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World Cup Group B: Can Spain afford to treat Morocco like a walkover?

Monday 25th June 2018

After late disappointment in their opening game, Spain just about managed to brush themselves down and beat Iran. Team Melli's bubble, which had swelled after victory in their opening game against Morocco, was cruelly burst.

That defeat for Morocco was followed by another against Cristiano Ronaldo, aka Portugal.

As a result, Morocco and Spain find themselves in very different situations ahead of their meeting in Kaliningrad today.

Spain are already through to the knockout stages. If they better Portugal’s result, they will top the group. Morocco are already eliminated. Playing for pride, they will be bidding for at least a draw not to leave Russia pointless.

Tonight’s final group game sees Spain and Morocco face-off in a game dripping with historic rivalry.

In Spain, the locals still take a dim view of Moroccans or ‘Moors’ as they are often disparagingly referred. Centuries after their country was invaded, it is.  The Moroccans might still be smarting from the Spanish Inquisition's barbarity.

Perhaps because of these tensions, the national teams seldom face each other despite being so close geographically.  From many coastal points in Andalusia, where the North African Army spilled onto the beaches in the 8th century, you can see Morocco.

The countries last met in a meaningful football encounter in 1961. They played twice in 11 days. Spain won both games.  Apart from a Mediterranean Games third-place playoff two years later, which Spain also won, they haven’t met since.


FIFA Ranking: 10th

Spain’s 3-3 draw against 11-man Ronaldo, followed by their victory over Iran, taught us little we didn’t already know. We have come to associate La Roja with mesmerising passing football which appears to have been perfected in the cramped and narrow backstreets of Barcelona and Madrid.

Despite losing their coach days before their opening match, Spain were largely unaffected. They were unable to beat Portugal and only just had the better of Iran, but not from a lack of those guileful passing performances that football purists love. 

Unfortunately, in their opening game, they came up against an inspired Ronaldo. His hat-trick against a tournament favourite has, in the eyes of many, given him the defining moment that pushes him clear of Messi in the race to be anointed greatest of all time.  David De Gea’s slippery gloves didn’t help. The Manchester United keeper made an error so rare that it actually served to raise his stock.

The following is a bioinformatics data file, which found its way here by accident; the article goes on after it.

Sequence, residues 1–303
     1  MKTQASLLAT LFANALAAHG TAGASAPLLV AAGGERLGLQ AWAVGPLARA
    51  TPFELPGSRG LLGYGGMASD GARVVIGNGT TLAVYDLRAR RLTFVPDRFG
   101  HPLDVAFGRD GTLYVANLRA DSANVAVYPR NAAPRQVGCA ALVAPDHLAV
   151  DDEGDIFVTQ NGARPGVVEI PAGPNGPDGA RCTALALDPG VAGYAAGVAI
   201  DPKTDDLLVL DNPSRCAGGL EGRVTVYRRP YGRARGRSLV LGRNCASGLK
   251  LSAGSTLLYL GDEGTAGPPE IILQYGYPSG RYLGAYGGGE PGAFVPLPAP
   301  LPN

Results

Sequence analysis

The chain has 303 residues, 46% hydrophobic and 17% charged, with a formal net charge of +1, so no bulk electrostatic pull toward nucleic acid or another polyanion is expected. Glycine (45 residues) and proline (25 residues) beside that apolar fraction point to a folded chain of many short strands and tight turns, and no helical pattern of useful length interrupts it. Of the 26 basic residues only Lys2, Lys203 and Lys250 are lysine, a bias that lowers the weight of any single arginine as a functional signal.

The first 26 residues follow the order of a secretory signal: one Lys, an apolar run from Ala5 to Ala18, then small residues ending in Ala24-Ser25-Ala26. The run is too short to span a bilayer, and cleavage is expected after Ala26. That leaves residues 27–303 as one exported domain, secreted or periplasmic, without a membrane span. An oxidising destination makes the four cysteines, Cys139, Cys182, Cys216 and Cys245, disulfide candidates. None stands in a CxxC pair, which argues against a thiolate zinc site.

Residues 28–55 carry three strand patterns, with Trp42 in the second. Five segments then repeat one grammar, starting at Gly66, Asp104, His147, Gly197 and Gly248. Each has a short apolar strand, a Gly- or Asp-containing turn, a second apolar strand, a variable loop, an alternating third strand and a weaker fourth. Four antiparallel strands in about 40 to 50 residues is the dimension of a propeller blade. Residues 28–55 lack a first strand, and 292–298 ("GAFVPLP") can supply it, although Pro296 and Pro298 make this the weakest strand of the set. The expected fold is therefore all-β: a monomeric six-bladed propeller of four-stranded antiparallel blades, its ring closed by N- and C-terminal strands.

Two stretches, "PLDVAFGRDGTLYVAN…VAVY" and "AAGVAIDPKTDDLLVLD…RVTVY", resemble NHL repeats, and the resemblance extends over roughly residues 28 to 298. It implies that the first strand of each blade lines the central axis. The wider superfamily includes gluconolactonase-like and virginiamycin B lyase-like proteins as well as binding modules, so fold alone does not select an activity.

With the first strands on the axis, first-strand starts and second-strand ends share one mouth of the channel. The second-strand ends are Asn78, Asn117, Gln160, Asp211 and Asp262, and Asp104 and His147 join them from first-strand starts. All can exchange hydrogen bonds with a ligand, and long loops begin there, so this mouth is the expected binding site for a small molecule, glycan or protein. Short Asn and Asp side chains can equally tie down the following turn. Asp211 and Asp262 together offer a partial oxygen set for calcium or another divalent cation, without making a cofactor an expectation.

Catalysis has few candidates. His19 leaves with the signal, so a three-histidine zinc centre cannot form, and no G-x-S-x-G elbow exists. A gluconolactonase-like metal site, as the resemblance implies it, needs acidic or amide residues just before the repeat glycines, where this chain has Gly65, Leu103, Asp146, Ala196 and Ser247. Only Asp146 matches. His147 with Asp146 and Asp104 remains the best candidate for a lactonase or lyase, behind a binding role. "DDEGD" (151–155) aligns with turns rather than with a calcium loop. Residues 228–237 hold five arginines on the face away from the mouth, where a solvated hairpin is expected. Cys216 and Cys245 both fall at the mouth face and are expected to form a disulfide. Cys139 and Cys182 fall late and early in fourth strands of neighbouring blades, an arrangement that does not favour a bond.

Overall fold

Little was wrong with Spain’s opening performance, Diego Costa, who always looks like he could spontaneously combust at any moment, was inspired.

Iniesta could be rested to keep him fresh for the tournament's latter stages. Thiago might rate a start or Fernando Hierro could return Koke to the starting eleven.

Dani Carvajal should continue at right back, having not made any errors on the scale of Nacho's against Portugal.

Hierro goes into his third game as manager of the country he represented 89 times as a player with little pressure.  Charged with holding the fort in a mess made by higher powers, he has the luxury of being blameless for any underperformance while standing front and centre to take credit for anything good that happens.

As a result of this free reign, he may be tempted to experiment in a meaningless game.  Less-experienced players like Iago Aspas and Marco Asensio, as well as the unused Saul Niguez, are at his disposal.


FIFA Ranking: 41st

Morocco failed to find a way past an impossibly handsome Iran side even though their manager more than evened the odds in the photogenic department. The Atlas Lions eventually lost 1-0 courtesy of an own goal from Aziz Bouhaddouz, deep into stoppage time. Defeat against Portugal sees them bottom of the group and packing their bags. Hervé Renard’s side enter this game as heavy underdogs while Spain need to win to win to keep the heat on Portugal in their bid to win the group.

An easing of the pressure the Moroccans experienced in their first two games could result in a more relaxed, exciting performance, even a potential upset.  Despite the irrefutable quality that Spain possess, this might be a good time to face them given their off the field problems. An early goal in Kaliningrad could set the Spaniards’ nerves on edge.

For that early goal to come about Morocco will need to be much more composed and clinical in front of goal. Their first two matches were littered with squandered opportunities.


I can only see this going one way.  Spain have too much experience and confidence to capitulate against a side which has already had the stuffing knocked out of them twice.

Expect Spain to have the points wrapped up early and for turns to be given to players who have been made to wait while others do the heavy lifting.

As for Morocco, an early exit is unlikely to signal the Renard regime's end.  The dashing Frenchman signed a contract running through 2022. His work in qualifying has surely accrued enough credit with the powers that be to give him another shot in four years. 

Dan Whelan

Dan is currently working as a columnist for Plymouth Argyle's award-winning programme, The Pilgrim.  He covers a variety of footballing topics but specifically enjoys writing about the inner-workings of the football fan.

He does this by drawing on his experiences following Argyle and his observations of the behaviour of supporters in both their natural environment (the terraces) and their technological playground (Twitter).


Total articles: 43

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